FIG. 1 is an end view of a cylinder and piston of a remotely controlled actuator made in accordance with this invention;
FIG. 2 is a perspective view the internal mechanical components of the actuator of FIG. 1;
FIG. 3 is a cutaway perspective view of the actuator of FIGS. 1 and 2;
FIG. 4 is a perspective view of the actuator of FIGS. 1 and 2;
FIG. 5 is electrical schematic diagram of the minimal circuitry required for the actuator with position sensor of FIGS. 1 and 2;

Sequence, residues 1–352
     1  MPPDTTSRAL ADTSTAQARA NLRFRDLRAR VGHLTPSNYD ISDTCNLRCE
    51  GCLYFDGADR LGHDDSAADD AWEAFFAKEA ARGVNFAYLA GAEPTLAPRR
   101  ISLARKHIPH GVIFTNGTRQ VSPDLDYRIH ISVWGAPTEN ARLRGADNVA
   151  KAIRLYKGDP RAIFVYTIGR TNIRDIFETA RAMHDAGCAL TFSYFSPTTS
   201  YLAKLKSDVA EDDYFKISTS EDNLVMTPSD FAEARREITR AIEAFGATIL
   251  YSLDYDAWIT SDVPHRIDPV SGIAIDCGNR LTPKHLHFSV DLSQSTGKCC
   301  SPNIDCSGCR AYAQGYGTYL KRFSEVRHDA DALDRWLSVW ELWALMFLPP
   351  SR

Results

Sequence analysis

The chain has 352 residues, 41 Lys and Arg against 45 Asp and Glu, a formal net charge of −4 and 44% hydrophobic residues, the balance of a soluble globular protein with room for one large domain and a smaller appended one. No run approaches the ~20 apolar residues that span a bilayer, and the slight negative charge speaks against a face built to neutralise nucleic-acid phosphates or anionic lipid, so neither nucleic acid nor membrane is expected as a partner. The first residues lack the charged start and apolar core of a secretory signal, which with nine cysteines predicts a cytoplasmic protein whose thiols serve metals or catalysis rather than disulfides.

FIG. 6 is a functional diagram of the circuit for controlling an actuator made in accordance with this invention;
FIG. 7 is a perspective view of a three actuator embodiment of this invention;
FIG. 8 is a perspective view of another embodiment of a multi-actuator version of this invention;
FIG. 9 is perspective view of a controller box for an embodiment of this invention;
FIG. 10 is a simplified block diagram overview of a control system for a multi-actuator embodiment of this invention.
FIG. 11 is a digital power converter and a charge rebalancing circuit made in accordance with this invention.